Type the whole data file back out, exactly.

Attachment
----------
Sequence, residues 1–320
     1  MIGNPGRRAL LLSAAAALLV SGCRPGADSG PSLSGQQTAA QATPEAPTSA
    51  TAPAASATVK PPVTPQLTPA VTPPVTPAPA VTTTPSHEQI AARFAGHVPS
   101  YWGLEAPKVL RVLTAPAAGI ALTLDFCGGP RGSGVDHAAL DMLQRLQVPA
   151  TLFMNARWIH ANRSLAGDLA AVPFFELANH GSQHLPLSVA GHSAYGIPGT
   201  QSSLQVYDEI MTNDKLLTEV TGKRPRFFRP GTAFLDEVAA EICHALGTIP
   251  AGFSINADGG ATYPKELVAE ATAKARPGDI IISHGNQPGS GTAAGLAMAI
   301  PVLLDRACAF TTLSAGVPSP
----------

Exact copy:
Sequence, residues 1–320
     1  MIGNPGRRAL LLSAAAALLV SGCRPGADSG PSLSGQQTAA QATPEAPTSA
    51  TAPAASATVK PPVTPQLTPA VTPPVTPAPA VTTTPSHEQI AARFAGHVPS
   101  YWGLEAPKVL RVLTAPAAGI ALTLDFCGGP RGSGVDHAAL DMLQRLQVPA
   151  TLFMNARWIH ANRSLAGDLA AVPFFELANH GSQHLPLSVA GHSAYGIPGT
   201  QSSLQVYDEI MTNDKLLTEV TGKRPRFFRP GTAFLDEVAA EICHALGTIP
   251  AGFSINADGG ATYPKELVAE ATAKARPGDI IISHGNQPGS GTAAGLAMAI
   301  PVLLDRACAF TTLSAGVPSP